Late in December, Daniel Gibson suddenly finds himself alone in the middle of the night, in a nearly deserted area of the city. A winter storm rages around him. With no memory of how he got there, he realizes there is something he must find and something he will lose. In his adventure he finds that, among a diversity of people, there are those who hold out a hand to give. Not all Christmas gifts come wrapped in brightly colored paper with ribbons and bows. Sometimes, they are damaged, wearing hand-me down clothes. Sometimes, they are a gift that can be given only once.
The Catalan Translation by the French Hebraist Maties Delcor
Author: Joan Ferrer Costa
Publisher: John Benjamins Publishing Company
Delcor (1919-1992) is responsible for a translation of the Book of Daniel, which is the only Catalan version of a book of the Bible produced by a North Catalan author to be included in Fundació Bíblica Catalana’s 1968 Bible. This unique circumstance was the inspiration to recover this translation and publish it in a scientific edition collated with the original texts from which Delcor worked. The introduction situates this singular work in the context of the long history of biblical translations in Catalan and offers an exegetical approach to this work that tradition has transmitted in three languages of the ancient world: Hebrew, Aramaic and Greek. English equivalents of all of the texts have been added as a further point of comparison.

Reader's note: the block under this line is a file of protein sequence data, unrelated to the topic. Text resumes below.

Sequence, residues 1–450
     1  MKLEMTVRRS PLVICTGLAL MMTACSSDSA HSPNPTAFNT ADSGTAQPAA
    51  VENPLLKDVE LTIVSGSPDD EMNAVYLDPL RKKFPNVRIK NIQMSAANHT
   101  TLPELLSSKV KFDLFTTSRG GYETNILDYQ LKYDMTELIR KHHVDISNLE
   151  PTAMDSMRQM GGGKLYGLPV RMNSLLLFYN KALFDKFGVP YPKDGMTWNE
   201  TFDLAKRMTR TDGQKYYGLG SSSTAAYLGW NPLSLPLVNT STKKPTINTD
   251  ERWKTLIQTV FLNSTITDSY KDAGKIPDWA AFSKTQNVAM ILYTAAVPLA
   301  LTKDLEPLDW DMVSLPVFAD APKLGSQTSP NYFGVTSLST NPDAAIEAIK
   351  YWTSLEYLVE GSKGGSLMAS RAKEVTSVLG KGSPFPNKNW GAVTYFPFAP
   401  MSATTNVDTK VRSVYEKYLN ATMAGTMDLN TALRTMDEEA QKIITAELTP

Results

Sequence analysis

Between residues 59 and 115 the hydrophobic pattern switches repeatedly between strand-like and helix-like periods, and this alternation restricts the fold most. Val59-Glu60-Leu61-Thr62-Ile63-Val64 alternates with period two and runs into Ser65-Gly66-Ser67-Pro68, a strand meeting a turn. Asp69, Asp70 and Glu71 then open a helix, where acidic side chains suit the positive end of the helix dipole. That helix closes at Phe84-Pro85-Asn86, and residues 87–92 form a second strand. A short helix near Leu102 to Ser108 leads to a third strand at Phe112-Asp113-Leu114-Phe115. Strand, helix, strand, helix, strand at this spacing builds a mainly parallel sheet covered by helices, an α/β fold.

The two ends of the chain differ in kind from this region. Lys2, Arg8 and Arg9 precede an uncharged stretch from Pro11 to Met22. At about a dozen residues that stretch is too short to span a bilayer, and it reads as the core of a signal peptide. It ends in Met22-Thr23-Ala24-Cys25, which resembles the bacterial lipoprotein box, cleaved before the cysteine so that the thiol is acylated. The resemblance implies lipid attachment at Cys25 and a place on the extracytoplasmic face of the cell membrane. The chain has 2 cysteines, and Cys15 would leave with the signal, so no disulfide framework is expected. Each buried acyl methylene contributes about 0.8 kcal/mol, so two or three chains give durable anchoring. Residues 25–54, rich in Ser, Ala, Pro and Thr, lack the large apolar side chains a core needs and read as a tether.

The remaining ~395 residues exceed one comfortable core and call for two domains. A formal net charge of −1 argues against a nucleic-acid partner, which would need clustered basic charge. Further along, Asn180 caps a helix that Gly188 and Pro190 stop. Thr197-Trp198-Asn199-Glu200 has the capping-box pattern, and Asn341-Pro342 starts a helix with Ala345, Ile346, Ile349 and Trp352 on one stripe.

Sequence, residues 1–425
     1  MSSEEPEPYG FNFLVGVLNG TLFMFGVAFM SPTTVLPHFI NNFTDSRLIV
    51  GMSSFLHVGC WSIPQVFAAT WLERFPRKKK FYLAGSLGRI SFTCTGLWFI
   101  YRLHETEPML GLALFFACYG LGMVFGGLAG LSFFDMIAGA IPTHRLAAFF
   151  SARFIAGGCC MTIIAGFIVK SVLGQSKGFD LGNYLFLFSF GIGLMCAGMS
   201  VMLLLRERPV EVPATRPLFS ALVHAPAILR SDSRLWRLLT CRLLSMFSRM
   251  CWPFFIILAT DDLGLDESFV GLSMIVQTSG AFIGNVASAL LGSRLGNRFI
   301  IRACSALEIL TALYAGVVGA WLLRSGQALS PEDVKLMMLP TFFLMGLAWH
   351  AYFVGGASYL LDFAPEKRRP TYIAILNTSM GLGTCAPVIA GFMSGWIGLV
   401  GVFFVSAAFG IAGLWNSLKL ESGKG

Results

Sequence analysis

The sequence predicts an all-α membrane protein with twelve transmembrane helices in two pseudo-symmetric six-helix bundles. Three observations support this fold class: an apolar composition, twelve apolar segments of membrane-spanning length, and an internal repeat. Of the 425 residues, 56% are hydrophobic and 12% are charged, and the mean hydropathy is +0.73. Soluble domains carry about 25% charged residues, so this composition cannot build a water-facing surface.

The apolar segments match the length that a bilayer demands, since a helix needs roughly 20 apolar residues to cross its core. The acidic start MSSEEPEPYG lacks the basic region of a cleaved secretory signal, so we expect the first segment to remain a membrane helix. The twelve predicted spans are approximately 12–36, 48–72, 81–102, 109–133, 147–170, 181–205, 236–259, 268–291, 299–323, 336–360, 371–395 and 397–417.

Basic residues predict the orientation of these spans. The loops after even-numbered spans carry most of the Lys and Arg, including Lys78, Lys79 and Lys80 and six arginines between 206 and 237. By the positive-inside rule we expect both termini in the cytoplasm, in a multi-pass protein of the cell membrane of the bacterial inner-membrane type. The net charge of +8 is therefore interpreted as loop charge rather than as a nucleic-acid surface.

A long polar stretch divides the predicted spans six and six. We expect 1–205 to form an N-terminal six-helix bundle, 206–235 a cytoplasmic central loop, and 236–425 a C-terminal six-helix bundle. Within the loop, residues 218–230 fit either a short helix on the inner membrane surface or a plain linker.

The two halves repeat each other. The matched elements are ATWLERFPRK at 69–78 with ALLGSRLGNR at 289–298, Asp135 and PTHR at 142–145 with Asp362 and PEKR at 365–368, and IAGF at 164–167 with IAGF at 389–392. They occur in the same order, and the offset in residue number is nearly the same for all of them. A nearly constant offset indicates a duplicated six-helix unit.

At the Blue Bell Amish School, fourteen-year-old Amelia Stoltzfus has been asked by her teacher, Miss Horning, to stay after school. It's an unusual request, and she's felt edgy and fearful all day long. Worse, Miss Horning has been acting peculiar. Miss Horning asks Amelia to be a substitute teach while she leaves for a month to take care of her ailing mother. After much consideration, Amelia agrees, but she still wonders why Miss Horning is beings so fidgety. By the time she starts making her way home, it's dark out, and Amelia feels nervous and fearful. Footsteps begin following her. Suddenly, she's struck from behind and slumps to the ground. At Amelia's home, her parents, Ben and Elizabeth, are deeply worried. Amelia should have returned from school long before now. They start searching for her, and they soon discover that Miss Horning is missing, too. Neighbors, friends, and even the state police come to help. But there is also a silent, sullen stranger who lends a hand. Is he somehow connected to the disappearances? As events begin to unfold and dark secrets come to light, it becomes clear that the Amish community and their neighbors worked together to help those in need.
Gifts from the foot of the Cross By: Gary Robert Villani This volume came to fruition at the request of attendees from many of the Sunday school classes the author has led over the past twenty years. The majority of spiritual messages contained in this book came directly from the support material prepared for these sessions, which ultimately led to class members stating, “You’ve got to put that on paper!” Gifts from the foot of the Cross is not a devotional. The underlying theme of the book is simple and direct—it is designed to reach the everyday Christian and let them know they are not alone in facing the stumbles, slips, trips, and falls they may be experiencing in their daily spiritual walk. Additionally, there are numerous suggestions on how to successfully avoid these pitfalls, and each entry is backed by Biblical passages. It is Gary’s sincere hope that the reader will immediately identify with the material in these stories and subsequently find spiritual support and direction to get back on the spiritual wellness trail.